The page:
My Talk to Hadassah (part 2)

The second feminine typology to have presented itself on our Theater J stage is best personified by another major artist who came into our lives in 2003…

director/choreographer Liz Lerman

Call Liz Lerman enunciator of… THE WOMAN DANCING THROUGH LIFE ON A SPIRITUAL QUEST

IN SEARCH OF GOD

IN SEARCH OF MEANING

IN SEARCH OF TRUTH

OR HER PLACE WITHIN TRADITION

CALL IT WOMAN AS THE GRAND DREAMER, GRAPPLING WITH BIG IDEAS…

Is that a capacious enough a category? Let’s try to boil it down to a single impression as we did with “bittersweet” and here the phrase is…

“In between.”

Liz represents the archetype of being of earth and of the sky; of mind and body; in search of God and truth within the context of the corporeal, physical present not only in her own body of work—incorporating text and dance; spiritualism and community—but by virtue of her directorial debut which she made at Theater J in 2003 (sharing the directorial reigns with Nick Olcott) on Yehuda Hyman’s THE MAD DANCERS (subtitled “A MYSTICAL COMEDY WITH ECSTATIC DANCE”) which saw us use the extraordinary actress Naomi Jacobson as a kind of feminist version of the Bal Shem Tov, the great Hassidic Rebbe who goes on a time-traveling voyage trying to rescue Elliott, a lowly data processor from his cloistered shell of a life in modern day San Francisco, drawing him toward the Kabbalistic garden where he might repair the world and become a messianic prince for the Jewish people. (Can you believe that plot?) Liz made this mystical journey come alive with dance.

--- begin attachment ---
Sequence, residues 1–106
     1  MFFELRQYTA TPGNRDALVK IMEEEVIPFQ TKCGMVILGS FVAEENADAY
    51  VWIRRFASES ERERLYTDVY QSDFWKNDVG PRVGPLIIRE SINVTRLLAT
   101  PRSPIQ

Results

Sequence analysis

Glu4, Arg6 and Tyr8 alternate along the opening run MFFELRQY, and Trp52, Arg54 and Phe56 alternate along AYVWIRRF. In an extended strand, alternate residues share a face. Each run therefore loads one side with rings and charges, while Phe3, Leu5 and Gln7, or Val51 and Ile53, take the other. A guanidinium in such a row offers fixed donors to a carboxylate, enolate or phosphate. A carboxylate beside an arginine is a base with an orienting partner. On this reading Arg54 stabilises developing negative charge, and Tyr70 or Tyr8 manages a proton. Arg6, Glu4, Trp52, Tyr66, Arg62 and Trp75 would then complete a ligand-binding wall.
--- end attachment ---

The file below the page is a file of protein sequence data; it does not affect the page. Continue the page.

And figures as various as the great philosopher Hannah Arendt as depicted in Kate Fodor’s HANNAH AND MARTIN, or the protagonist of Jeanette Buck’s THERE ARE NO STRANGERS, or Amy Ziff’s alter-ego in her zany philosophical riff about what fate awaits her either in heaven or hell in the solo piece ACCIDENT, all evince this same cosmic curiosity on a search for a kind of truth or spiritual home.

We’ll come back to those just-alluded-to examples, but let’s press on with the other typologies to get them out of the way, because we’ll be zigging and zagging from one to another for the rest of this talk as we traverse through the seasons.

And so TYPOLOGY # 3: The CONTEMPORARY WOMAN AS SUPER GIRL

or THE WOMAN OF STEEL meets THE TRADITIONAL BALABUSTA (which I take to be a yiddish riff on the Hebrew “Ba-alat Ha-abit” or “Woman of the Home” but given the ring of it, more accurately feels like “House Wife Meets Ball Buster.”)

Think WOMEN WHO KICK ASS!

Think of the traditional Jewish home where the mother has run of the household, setting things straight, making us feel both at home and on guard, insisting on being heard, paid attention to and, through it all, spreading the love (and a little bit of fear!). Now think Women Who Don’t Need Men To Make It. Think Sisters Doing It For Themselves. Think Solo Voyagers. And where we’re soon to wind up with previews this coming week, as we open Judy Gold as MOMMY QUEEREST (with the new subttile “It’s Jewdy’s Show: My Life as a Sitcom!”) which might as well be called with The New Wonder Woman Raising Family, Same As It Ever Was, Except Who the Hell Needs Daddy?

Judy Gold is MOMMY QUEEREST

MOMMY QUEEREST culminates a long succession of Big Bold Jewish Women Behaving Bawdily, Bodaciously, and Beautifully. Let’s enjoy that procession of…

BETTY!

 

Sherry Glaser/Family Secrets

 

Judy (in 25 Questions!)

 

and Sandra!

 

And then in part III, we’ll look at the 4th typology and move through the seasons…